Friday, January 21, 2011

Well, It’s Kind of Like Herpes

In my second year at the University of Texas, one of my roommates (he’s also one of my best friends, so I’ll try to be delicate) somehow contracted some sort of skin ailment. It started with a few itchy bumps and then it quickly spread across his body. As group of college-aged guys, we, of course, thought this was a God sent joke for our own amusement. Sometimes, I would just sit and face him as he watched TV, just to giggle every time he scratched himself. In hindsight, I feel for the guy; I can’t imagine itching day and night.

When we were in college, no one in our apartment (and there were four of us) had any idea how to go to the doctor alone. I mean, directions, finding the right office, using insurance, paying a deductable, we weren’t college educated yet! Just like the rest of us, he was a mommas’ boy, too, and this mommas’-boy-itis prevented him from going to the doctor on his own. He had to wait until he went back to Houston for the weekend, so he could go to the doctor with his mom.

The first diagnosis was that he must be allergic to the fabric on our furniture. The furniture especially made sense because it was also the furniture that came with the apartment. When I reflect on the things WE did to those couches, it’s a wonder how many other people did the same, if not worse. His solution to this was to always sit in a dark green, plastic lawn chair. While we all sat around eating our cheap Totinos pizzas watching Dawson’s Creek on our comfy sofa, he sat in his cold, plastic posture-pedic chair constantly scratching – always scratching.

After a few weeks of trying out the chair, he realized it must not be the fabric that was causing his sleepless nights. The next time he went back to Houston, he and his mother went to another doctor. The second doctor diagnosed the problem as an allergic reaction to our cat, Solo. Everyone always assumes that his name derives from Han Solo of Star Wars fame. This is untrue. We actually named him after a drug dealer in our apartment building that lived just below us but above the grimiest strippers in Austin. The guy was a 5’4”, black dude and our pet was a black kitten, so we didn’t have a choice. Sometimes fate reveals knowledge so clearly that we cannot ignore it. Regardless, he should have considered it an homage (if he knew, which we took painstaking efforts to make sure he didn’t).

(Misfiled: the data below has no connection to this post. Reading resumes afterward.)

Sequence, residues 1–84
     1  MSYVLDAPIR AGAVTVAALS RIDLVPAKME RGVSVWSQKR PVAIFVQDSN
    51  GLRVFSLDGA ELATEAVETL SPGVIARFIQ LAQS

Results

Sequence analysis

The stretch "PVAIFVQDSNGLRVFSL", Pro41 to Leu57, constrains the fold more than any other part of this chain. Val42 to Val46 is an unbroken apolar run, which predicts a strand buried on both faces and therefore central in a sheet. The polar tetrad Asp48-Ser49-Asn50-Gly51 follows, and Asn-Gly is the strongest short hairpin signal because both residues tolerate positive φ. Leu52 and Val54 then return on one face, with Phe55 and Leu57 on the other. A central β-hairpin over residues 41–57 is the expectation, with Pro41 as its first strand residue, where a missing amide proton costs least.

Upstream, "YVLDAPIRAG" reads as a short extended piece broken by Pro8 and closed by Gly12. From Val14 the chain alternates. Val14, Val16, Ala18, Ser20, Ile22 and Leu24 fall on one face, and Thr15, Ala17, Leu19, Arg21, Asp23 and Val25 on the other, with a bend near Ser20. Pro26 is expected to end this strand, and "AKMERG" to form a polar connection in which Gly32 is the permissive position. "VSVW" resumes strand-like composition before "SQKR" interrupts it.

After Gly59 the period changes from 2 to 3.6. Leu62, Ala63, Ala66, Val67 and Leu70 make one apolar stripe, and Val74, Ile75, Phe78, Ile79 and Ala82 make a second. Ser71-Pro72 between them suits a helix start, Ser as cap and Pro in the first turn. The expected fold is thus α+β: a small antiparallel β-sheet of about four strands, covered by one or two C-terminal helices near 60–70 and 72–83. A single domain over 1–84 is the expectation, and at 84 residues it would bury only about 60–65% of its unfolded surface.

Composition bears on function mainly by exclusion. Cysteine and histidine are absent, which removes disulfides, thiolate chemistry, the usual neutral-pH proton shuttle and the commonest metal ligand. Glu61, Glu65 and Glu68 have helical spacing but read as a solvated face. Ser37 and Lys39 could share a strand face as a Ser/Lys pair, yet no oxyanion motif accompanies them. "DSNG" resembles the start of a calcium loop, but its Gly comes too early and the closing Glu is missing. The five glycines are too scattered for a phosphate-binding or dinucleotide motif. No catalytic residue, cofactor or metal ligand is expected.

The cat issue was a problem because everyone loved the cat and didn’t want to have to get rid of it. Luckily, Christmas break came around and we all went back to our respective parents’ homes in Houston. My brother and I took Solo to our house. My friend had a whole month to be away from the cat. His skin didn’t get any better. At this point, the problem had been going on for 3 months. The bumps had now completely covered his body besides, luckily for him, his face. It had gotten so bad that even between his fingers had been hit by the problem. He rubbed his fingers raw by interlocking his fingers, straightening them, and moving them like little itching saws. The problem had reached an irritating crescendo that needed to be solved immediately, for his sanity was at stake.

Part II – Next time!

Wednesday, January 19, 2011

What's the deal with cashiers?

I bought some compressor shorts today, and no, this post isn’t about how free and easy chafe-less running feels. I paid for my shorts with cash and was served with the usual paper and metal money sandwich, with a useless side of receipt. Is this taught to cashiers – part of their training is to hand out the receipt, followed by cash, and topped with change? Why do all three of these things need to be given to me at once in one open hand? Maybe if I carried around a burlap sack, I could just shove all of this crap in it. Whatever someone puts in my hand, I could just crumble up and jam it in. Unfortunately, I only have Crown Royal sacks, and those are for keeping pennies – house pennies, not out-and-about pennies! I mean, come on, imagine me walking around with a Crown Royal sack tied to my belt in public? I’d look like a damn fool. 

Think about the logic of this situation: the paper cash, change, and receipt come from the cashier already sorted. Why the hell would the cashier create this mess? It’s like a jigsaw puzzle: here’s what it should look like. Here’s a mess of pieces. Put it back together. Cashier, give me the paper money to put in my wallet, and then the change to put in my pocket. I want the receipt, too, so I can throw it in the trash on the way out. Also, half of the time this process turns into an explosion of paper and pennies. If the cashier and I aren’t in complete unison, the transaction ends with me splitting my pants because I have to bend over to look for that quarter that when AWOL. You know like I do, when I eventually find that allusive piece of change, I’m on all fours, looking under some lady’s cart, and it ends up being a damn penny. 

I know this is different for women, but it’s similar. They don’t just shove it all in their purse, and if they do, they sort it out later. We need to all band together and specifically ask for the pieces of the transaction to be handed out separately. I, for one, will put my hand out, and when the cashier places whatever is first in my hand, I’ll quickly jerk my hand back and put it in its proper place. I’ll continue this until the transfer is complete. If this catches on, the cashiers will have something to talk about at their next cashier’s meeting. We have to act as a society, people. Do you want to be a spineless consumer? Let the Best Buys, HEBs, and KFCs of the world know: we will not be slightly inconvenienced!